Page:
Energy and real estate companies led U.S. stock indexes slightly lower and mixed in late-afternoon trading Friday after a mostly listless day on Wall Street.

Health care stocks were up the most. Investors were sizing up earnings from big companies. Bond yields fell after the government reported that the economy lost momentum in the last three months of 2016.

ON WALL STREET: At the close of trading, the Standard & Poor’s 500 index was down nearly 2 points, about 0.09 percent, at 2,294.7. The Dow Jones industrial average, which tracks 30 big industrial companies, was down 7.1 points, about 0.04 percent, at 20,093.8. The Nasdaq composite added 5.6 points, about 0.1 percent, to 5,660.8.

BOND PRICES: Bond prices rose after the government reported its latest quarterly estimate of the nation’s economic growth. At the close the 10-year Treasury yield fell to 2.48 percent from 2.51 percent late Thursday.

OIL PRICES: As markets closed, benchmark U.S. crude oil slipped 59 cents to $53.19 a barrel in electronic trading on the New York Mercantile Exchange. In London on the Intercontinental Exchange Europe, Brent crude, used to price international oils, lost 8 cents to $55.44 a barrel.

THE ECONOMY: The Commerce Department said the U.S. economy grew at an annual rate of just 1.9 percent in the last three months of 2016, a slowdown from 3.5 percent in the previous quarter. For 2016, the economy grew 1.6 percent, the worst showing since 2011 and down from 2.6 percent in 2015. A separate government report showed businesses spent more on industrial machinery, semiconductors and other big-ticket items last month, a sign U.S. manufacturers seem to be doing better after a two-year slump.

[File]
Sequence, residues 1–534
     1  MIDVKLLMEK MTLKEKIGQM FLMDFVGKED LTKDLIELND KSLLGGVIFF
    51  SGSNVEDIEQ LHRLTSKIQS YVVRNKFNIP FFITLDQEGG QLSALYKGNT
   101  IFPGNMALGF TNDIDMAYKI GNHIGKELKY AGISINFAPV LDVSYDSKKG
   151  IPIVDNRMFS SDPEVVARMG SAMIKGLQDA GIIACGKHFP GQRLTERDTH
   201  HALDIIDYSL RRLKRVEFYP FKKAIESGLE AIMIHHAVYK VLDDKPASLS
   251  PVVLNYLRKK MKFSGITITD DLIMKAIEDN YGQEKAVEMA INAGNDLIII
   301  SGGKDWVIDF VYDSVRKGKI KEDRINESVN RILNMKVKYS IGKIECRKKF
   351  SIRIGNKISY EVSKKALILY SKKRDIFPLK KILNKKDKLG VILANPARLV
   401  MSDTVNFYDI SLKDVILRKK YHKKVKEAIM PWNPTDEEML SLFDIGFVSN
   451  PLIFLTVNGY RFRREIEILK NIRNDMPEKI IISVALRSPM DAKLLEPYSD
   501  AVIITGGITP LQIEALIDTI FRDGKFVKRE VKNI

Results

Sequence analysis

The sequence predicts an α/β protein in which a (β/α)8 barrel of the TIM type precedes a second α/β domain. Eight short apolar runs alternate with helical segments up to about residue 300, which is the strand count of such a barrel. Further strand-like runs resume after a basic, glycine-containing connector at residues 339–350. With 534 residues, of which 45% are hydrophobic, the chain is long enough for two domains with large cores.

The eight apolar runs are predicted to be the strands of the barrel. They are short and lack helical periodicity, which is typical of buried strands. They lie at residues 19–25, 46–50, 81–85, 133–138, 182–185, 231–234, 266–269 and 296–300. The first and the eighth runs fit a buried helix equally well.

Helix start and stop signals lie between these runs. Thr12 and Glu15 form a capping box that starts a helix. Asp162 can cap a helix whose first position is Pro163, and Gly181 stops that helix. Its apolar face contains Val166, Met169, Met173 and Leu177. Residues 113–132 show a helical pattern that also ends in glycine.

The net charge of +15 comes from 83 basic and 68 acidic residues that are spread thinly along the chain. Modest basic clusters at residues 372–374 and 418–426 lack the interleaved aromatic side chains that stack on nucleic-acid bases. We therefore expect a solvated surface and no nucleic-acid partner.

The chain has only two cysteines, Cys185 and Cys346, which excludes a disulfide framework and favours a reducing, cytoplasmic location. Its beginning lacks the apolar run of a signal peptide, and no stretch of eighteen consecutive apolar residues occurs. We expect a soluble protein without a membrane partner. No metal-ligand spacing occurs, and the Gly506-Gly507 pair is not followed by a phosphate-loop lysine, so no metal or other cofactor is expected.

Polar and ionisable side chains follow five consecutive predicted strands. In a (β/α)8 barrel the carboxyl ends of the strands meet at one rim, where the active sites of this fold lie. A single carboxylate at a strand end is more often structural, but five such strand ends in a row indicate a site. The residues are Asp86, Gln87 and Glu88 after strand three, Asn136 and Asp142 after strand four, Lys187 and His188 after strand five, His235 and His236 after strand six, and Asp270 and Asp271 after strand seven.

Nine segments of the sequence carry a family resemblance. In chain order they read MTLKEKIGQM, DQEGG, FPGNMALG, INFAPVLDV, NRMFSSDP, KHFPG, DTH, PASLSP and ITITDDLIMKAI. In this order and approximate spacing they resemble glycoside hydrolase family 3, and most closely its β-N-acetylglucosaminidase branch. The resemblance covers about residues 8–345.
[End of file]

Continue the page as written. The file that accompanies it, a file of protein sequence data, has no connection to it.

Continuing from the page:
ANALYST’S VIEW: “The market right now is at sort of at a crossroads,” said analyst Tom Siomades, head of Hartford Funds Investment Consulting Group. “We hit that huge psychological barrier and busted through it when [the Dow] hit 20,000 . . . but today’s GDP number came in, for the most part, below expectations and brought everyone back down to Earth.”

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TRUMP ECONOMY: Investors remain focused on the latest moves by President Donald Trump. His spokesman said the administration was considering slapping a 20 percent tax on imports from Mexico to help pay for his promised border wall, in an announcement that left markets uncertain about what it means for trade.

“I don’t know anyone who would think of a trade war as good thing, or tariffs,” Siomades said. “When you start going down that path, then the market all of a sudden retracts and says, ‘Wait a minute, we have 1.9 percent GDP growth, how are higher tariffs and restriction on trade going to make that better?’ ”

LUNAR NEW YEAR: Markets in China, South Korea and Taiwan were closed while Malaysia was open only for the morning session. Many Asian countries have begun holidays of varying lengths, curtailing trading across much of the region. China will take the longest break, shutting down for an entire week.